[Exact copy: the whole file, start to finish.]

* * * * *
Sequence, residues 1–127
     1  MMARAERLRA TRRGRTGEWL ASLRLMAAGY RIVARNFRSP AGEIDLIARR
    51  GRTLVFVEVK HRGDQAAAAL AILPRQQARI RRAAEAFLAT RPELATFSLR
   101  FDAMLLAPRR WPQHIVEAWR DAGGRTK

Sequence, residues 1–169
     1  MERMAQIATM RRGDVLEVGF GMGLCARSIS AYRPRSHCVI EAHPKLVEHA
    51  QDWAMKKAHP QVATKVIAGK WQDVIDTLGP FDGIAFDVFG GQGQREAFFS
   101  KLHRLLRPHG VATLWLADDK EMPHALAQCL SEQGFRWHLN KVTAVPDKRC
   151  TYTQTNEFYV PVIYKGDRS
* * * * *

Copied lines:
Sequence, residues 1–127
     1  MMARAERLRA TRRGRTGEWL ASLRLMAAGY RIVARNFRSP AGEIDLIARR
    51  GRTLVFVEVK HRGDQAAAAL AILPRQQARI RRAAEAFLAT RPELATFSLR
   101  FDAMLLAPRR WPQHIVEAWR DAGGRTK

Sequence, residues 1–169
     1  MERMAQIATM RRGDVLEVGF GMGLCARSIS AYRPRSHCVI EAHPKLVEHA
    51  QDWAMKKAHP QVATKVIAGK WQDVIDTLGP FDGIAFDVFG GQGQREAFFS
   101  KLHRLLRPHG VATLWLADDK EMPHALAQCL SEQGFRWHLN KVTAVPDKRC
   151  TYTQTNEFYV PVIYKGDRS